Yugoslavia still exist?

Zimmerman: That is a very good question, and a question that is very hard to
answer. We are now precisely in that situation where a world is dying and
another, different world is struggling to be born. In other words, it is a
transition and as I said many times before, our main concern in it is peace.
While these changes are going on, our foremost task is to contribute that
they happen in a peaceful, rather than violent, environment.

Jared comments: As subsequent events demonstrated, 'Peace' meant the US and
its proxy forces could do whatever they liked but the Yugoslav Army was not
allowed to fight back.

Zimmerman: It is inevitable that these changes are accompanied with
uncertainties. I am an Ambassador accredited with the government of
Yugoslavia. But at the same time, it is completely clear that we do not
recognize Branko Kostic, who usurped the right to speak on behalf of the
Yugoslav Presidency. Since he made that attempt I have not had any contacts
with him, nor do I intend to ever contact him. Most of the duties I perform
in Belgrade and Yugoslavia are reduced to relations with the Republics, which
my government considers extremely useful. There are many gray areas from a
legal standpoint, but this is natural in times of transition.

DANAS: Are you encountering the same difficulties while meeting with the
military leaders?

Zimmerman: I recently met with General Adzic, and I met with General
Kadijevic right before he resigned. I believe it is exceptionally important
to maintain contact with the Yugoslav military leadership, as they have to
know our position. And our position is clear: we believe that the Army is
primarily responsible for the war in Croatia.

Hence they have an enormous obligation to honor the UN peace plan, and to
show restraint in Croatia. And in Bosnia-Herzegovina as well, which is
turning into a dangerous place. If we weren’t talking to them, we would not
be able to tell them all these things.

DANAS: Many unconfirmed stories indicate that you prevented total war on
several occasions, using this type of influence?

Zimmerman: There is exaggeration in that. But I can say that the US has
always used the measure of influence it has to promote peace, not war. That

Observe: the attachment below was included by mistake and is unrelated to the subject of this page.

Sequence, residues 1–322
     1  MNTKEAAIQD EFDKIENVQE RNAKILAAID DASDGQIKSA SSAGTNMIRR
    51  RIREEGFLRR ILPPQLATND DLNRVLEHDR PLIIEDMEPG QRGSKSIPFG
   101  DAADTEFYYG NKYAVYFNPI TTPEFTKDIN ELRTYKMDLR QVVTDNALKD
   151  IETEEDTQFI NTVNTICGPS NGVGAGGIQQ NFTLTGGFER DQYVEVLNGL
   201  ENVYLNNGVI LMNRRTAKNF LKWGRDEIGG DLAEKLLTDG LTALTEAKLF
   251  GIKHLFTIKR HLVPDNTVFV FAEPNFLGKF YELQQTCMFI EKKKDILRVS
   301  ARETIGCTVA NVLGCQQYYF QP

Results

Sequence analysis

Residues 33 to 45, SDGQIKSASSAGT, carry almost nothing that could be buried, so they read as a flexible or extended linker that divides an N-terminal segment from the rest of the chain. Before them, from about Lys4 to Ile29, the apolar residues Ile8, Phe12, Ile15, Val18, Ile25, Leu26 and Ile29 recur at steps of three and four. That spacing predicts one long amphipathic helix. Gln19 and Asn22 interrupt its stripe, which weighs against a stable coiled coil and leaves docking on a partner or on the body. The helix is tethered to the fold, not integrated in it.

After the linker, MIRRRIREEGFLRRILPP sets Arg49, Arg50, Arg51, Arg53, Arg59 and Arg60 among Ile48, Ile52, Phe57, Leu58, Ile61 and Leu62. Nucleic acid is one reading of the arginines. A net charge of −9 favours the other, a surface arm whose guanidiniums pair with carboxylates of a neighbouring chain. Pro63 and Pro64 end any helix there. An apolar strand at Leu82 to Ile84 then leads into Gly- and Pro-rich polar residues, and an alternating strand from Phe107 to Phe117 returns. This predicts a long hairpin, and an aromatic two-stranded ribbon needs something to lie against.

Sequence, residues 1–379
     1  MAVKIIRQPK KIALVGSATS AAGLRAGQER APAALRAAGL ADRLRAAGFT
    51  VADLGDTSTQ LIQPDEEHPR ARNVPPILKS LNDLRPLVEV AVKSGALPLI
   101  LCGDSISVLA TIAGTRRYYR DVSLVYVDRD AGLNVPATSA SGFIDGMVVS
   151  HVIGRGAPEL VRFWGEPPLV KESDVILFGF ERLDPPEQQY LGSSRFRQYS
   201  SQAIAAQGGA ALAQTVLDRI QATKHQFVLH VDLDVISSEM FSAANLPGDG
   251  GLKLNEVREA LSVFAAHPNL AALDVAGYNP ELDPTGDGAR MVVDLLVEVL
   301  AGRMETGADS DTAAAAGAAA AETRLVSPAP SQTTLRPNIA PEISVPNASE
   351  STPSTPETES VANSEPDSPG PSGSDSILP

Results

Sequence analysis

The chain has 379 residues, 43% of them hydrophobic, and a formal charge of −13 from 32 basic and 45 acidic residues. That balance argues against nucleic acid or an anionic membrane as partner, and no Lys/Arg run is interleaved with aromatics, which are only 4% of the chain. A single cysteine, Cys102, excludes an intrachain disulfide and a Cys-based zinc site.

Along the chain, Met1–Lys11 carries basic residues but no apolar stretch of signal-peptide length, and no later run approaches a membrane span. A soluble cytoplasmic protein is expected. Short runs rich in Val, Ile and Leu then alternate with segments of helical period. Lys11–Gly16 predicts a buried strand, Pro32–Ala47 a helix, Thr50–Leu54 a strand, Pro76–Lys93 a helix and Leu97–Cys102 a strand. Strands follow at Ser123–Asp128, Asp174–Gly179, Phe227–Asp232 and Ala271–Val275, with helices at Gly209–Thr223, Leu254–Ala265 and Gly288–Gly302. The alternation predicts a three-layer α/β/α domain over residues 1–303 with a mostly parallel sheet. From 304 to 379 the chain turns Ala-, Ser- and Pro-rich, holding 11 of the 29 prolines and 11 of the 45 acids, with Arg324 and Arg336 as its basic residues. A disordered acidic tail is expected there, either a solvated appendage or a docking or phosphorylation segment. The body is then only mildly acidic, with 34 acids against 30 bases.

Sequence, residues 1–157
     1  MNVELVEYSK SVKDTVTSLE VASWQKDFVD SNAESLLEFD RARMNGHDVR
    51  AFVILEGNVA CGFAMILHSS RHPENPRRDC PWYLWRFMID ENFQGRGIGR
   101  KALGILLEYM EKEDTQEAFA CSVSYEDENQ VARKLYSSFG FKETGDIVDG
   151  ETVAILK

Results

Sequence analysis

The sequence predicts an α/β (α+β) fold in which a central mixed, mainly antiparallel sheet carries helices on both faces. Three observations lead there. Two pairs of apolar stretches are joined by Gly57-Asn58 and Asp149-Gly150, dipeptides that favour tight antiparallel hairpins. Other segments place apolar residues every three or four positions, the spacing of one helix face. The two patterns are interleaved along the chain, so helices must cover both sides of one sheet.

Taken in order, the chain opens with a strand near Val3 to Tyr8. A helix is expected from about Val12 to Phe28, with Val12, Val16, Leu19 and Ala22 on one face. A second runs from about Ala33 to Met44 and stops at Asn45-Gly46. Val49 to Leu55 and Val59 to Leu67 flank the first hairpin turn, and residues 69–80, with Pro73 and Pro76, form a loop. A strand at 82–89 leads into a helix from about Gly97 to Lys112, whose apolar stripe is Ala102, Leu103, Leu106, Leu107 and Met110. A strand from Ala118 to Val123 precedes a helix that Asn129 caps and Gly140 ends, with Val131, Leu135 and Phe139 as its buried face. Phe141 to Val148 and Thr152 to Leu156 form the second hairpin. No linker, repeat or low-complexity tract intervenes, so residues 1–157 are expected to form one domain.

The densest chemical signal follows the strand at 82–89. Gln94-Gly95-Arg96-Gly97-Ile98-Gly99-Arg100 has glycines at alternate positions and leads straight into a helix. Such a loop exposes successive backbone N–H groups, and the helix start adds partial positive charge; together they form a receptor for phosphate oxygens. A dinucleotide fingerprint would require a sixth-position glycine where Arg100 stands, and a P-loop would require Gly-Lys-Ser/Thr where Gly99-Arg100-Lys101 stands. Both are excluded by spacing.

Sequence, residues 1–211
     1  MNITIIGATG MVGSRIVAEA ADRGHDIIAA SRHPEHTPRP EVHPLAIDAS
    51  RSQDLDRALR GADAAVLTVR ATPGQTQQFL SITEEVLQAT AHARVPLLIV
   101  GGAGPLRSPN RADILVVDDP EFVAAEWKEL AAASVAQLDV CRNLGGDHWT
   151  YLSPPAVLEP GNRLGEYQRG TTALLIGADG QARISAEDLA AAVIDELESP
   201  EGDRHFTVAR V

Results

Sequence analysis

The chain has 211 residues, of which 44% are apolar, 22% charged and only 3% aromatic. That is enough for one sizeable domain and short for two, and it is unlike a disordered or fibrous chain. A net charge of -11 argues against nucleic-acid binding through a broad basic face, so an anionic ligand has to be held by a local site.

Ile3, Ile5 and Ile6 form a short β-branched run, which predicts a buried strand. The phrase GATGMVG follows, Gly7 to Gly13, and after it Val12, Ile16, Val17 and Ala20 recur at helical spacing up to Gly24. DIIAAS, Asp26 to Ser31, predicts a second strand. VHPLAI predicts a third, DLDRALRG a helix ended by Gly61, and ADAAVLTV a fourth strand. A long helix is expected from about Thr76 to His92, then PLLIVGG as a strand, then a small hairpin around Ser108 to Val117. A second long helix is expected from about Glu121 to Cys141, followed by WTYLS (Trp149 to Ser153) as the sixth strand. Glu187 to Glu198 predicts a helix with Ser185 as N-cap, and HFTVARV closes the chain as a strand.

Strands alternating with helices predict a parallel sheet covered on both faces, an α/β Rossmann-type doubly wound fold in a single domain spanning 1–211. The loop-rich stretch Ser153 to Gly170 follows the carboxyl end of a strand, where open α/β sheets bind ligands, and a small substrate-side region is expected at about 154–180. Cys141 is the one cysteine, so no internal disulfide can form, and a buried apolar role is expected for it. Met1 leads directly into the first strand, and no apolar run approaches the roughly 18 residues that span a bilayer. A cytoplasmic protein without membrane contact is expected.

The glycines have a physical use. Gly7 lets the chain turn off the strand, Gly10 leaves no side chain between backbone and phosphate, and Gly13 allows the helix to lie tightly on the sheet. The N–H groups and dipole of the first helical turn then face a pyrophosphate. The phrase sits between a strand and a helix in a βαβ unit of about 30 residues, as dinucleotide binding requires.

is why I say that we are most concerned with the possibility of a war
breaking out in Bosnia-Herzegovina. We think it would be a horrible tragedy
which could have consequences on the situation in Croatia, which at the
present time looks promising.

DANAS: Does that mean you support Izetbegovic’s plan?

Zimmerman: Let me try to elaborate on our policy towards Bosnia-Herzegovina.
We firmly believe that the territorial integrity of every republic must be
preserved, and we clearly said to the Serbian government and the Army
leadership that we will never recognize any conquest in Croatia. Equally
important is the territorial integrity of Bosnia-Herzegovina, which is most
threatened at this moment by the Bosnian Serb leadership, which is attempting
to tear away a piece of it. We consider that extremely dangerous, and we said
so to the Army and the Serbian leadership.

Jared comments: Note how Zimmerman places matters upside down.

He speaks of maintaining the integrity of 'Bosnia' as if it were a national
entity. But historically a country called 'Bosnia' never existed. An
administrative unit called 'Bosnia' (similar to Rhode Island or South Dakota)
was created by the Tito government. That's it.

With this in mind, consider his statement that the US supports "the
territorial integrity of Bosnia-Herzegovina, which is most threatened at this
moment by the Bosnian Serb leadership, which is attempting to tear away a
piece of it."

In fact, the Islamic Fundamentalist forces in Bosnia were trying to tear a
piece away from a real nation, recognized for 70 years - Yugoslavia. This
violated international law. The Islamists wanted to justify their secession
(that is, theft of territory) by holding a referendum. The Serbs boycotted
the referendum. The Islamists held it anyway, and won; but this violated the
Yugoslav constitution which required the approval of the three major ethnic
groups before extreme action could be taken. Moreover the secessionist
movement only existed based on foreign intrigue, personified by Mr.